Trump attempted to defend himself by saying he wasn’t really involved in the company, only his name was still used – though he initially owned 28% of the company stock so we aren’t too sure how little he did have to do with it.

    Regardless, Trump has stuck by this motto of distancing himself from matters which don’t go smoothly including the rallies at his campaigns. Many have seen violence between protesters but Trump has quickly distanced himself from them by stating ‘I certainly don’t incite violence,’ and instead the protesters were the ones instigating these events.

    We agree, Trump definitely had nothing to do with it even though at one rally in Nevada he announced ‘I’d like to punch him in the face,’ among other great ‘non-violent’ one-liners.

  5. Trump denies ever losing

    It has been reported Trump attempted to seek the right to open a casino in Philadelphia in 2006, but his application was rejected. Despite a lot of evidence, including information presented by Florida State Officials, Trump has continued to deny any such proceedings.

    Trump has taken his own gambling advice to the campaign front – if you don’t succeed deny it ever occurring.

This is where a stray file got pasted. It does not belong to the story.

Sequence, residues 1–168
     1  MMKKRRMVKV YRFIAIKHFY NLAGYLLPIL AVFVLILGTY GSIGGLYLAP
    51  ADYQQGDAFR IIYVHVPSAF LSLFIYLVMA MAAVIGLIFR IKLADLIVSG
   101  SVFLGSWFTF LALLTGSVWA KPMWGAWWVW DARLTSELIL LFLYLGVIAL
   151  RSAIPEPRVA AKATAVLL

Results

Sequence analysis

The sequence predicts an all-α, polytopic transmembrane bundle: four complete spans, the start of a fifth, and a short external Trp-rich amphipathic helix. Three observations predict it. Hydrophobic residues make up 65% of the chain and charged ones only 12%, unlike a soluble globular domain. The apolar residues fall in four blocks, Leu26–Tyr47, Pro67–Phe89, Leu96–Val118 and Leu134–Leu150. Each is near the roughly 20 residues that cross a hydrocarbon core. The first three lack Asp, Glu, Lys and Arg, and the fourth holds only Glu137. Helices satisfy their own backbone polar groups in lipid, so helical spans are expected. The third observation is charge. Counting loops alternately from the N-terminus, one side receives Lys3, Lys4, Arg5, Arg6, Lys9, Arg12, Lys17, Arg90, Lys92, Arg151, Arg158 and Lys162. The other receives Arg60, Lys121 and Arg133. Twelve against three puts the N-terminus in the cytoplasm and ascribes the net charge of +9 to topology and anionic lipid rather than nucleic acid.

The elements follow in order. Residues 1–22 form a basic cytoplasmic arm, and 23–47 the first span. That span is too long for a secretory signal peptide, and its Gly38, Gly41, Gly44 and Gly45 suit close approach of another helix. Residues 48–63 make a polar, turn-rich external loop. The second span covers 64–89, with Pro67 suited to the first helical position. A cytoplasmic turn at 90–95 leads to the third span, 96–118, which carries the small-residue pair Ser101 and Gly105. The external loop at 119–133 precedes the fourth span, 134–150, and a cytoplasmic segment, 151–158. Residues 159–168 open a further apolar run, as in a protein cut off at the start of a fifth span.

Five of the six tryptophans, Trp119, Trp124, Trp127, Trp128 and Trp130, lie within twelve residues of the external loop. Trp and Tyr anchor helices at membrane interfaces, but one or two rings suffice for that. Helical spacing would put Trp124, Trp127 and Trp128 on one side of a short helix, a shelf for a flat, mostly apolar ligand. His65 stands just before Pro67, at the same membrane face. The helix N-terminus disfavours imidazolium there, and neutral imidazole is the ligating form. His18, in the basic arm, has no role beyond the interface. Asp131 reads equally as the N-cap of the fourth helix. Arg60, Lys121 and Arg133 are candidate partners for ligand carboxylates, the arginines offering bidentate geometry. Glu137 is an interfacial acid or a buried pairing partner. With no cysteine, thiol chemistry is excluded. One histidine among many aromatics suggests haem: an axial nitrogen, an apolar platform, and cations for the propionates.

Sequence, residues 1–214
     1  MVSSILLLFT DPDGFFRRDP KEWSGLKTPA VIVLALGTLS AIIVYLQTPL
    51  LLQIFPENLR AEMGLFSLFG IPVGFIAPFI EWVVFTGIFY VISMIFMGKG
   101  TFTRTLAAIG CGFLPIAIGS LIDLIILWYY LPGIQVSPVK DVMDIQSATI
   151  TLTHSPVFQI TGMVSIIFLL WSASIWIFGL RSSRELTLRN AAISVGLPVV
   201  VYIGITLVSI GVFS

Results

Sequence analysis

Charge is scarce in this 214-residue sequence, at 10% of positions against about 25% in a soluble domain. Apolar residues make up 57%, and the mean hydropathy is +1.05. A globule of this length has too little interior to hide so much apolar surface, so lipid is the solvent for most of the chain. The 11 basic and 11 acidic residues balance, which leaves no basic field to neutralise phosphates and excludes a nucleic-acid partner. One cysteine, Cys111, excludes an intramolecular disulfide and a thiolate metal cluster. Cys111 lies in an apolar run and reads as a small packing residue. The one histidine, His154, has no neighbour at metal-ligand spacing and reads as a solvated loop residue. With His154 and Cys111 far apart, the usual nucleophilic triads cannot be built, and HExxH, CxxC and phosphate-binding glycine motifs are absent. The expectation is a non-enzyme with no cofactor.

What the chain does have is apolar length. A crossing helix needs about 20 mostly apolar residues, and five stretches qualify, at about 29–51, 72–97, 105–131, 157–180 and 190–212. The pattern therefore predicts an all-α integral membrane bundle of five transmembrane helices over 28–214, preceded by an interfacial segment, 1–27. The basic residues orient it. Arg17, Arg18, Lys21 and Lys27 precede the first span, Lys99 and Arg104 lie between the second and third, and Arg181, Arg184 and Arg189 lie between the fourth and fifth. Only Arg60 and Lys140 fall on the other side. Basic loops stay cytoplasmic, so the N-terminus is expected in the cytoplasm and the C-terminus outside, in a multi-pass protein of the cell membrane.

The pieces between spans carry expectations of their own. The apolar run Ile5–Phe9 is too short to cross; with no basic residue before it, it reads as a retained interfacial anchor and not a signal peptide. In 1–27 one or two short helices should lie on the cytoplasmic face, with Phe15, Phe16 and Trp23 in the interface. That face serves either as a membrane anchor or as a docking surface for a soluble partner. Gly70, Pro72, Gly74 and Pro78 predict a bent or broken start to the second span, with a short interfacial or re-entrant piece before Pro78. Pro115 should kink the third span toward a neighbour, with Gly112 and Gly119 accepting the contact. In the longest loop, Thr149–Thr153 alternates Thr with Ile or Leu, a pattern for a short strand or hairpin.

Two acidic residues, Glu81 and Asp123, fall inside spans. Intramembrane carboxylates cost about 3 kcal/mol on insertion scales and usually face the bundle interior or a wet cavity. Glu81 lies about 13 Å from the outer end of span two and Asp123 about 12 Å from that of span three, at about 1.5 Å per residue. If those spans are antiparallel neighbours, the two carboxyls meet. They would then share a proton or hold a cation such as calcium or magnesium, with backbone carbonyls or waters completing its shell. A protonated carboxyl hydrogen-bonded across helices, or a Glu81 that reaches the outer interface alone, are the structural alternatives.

At 2016 Trump campaign rally, a man punched another in the face and Trump announced he would pay the legal fees for this man. After it turned out he might actually have to, Trump denied saying any such thing – despite the tonne of evidence against him, including the audio of him saying so.

    We can only imagine how many poker hands Trump has never lost.

  6. Never publicise your income

    Trump will always raise you when you estimate the amount he is worth, bluffing any opponent without offering a shred of evidence – such a genius.

    In 2011, Forbes estimated Trump’s brand was worth $200 million, however Trump came out and said this was incorrect and it was actually worth $3 billion, despite offering any evidence to prove his claims.

    This has transferred to his campaign with Trump being the only Presidential candidate to not release his tax returns in order to show his income, and in turn determine his net worth.

    However, he will raise you if you try to guess it.

  7. If all else fails – make a Trump threat

    One thing we know is Trump can make a threat – he even threatened to sue the whole of Scotland at one point.

    A gaming-securities analyst, Marvin Roffman, expressed his doubts, in an article to the Wall Street Journal, regarding the how well the Trump Taj Mahal would do just days before it opened. Trump called war and threatened a lawsuit if Roffman wasn’t sacked or apologised.

    Trump must have brought his casino guidebook with him to the 2016 presidential campaign, threatening widespread riots if he doesn’t get GOP nomination.

    As you can see, Trump is a model gambler and we are excited to take the gamble of letting him become the next US president.

    In all seriousness, this could unfortunately be the case with the Election Betting Odds website giving Trump a ‘71% chance of winning the Republican nomination’.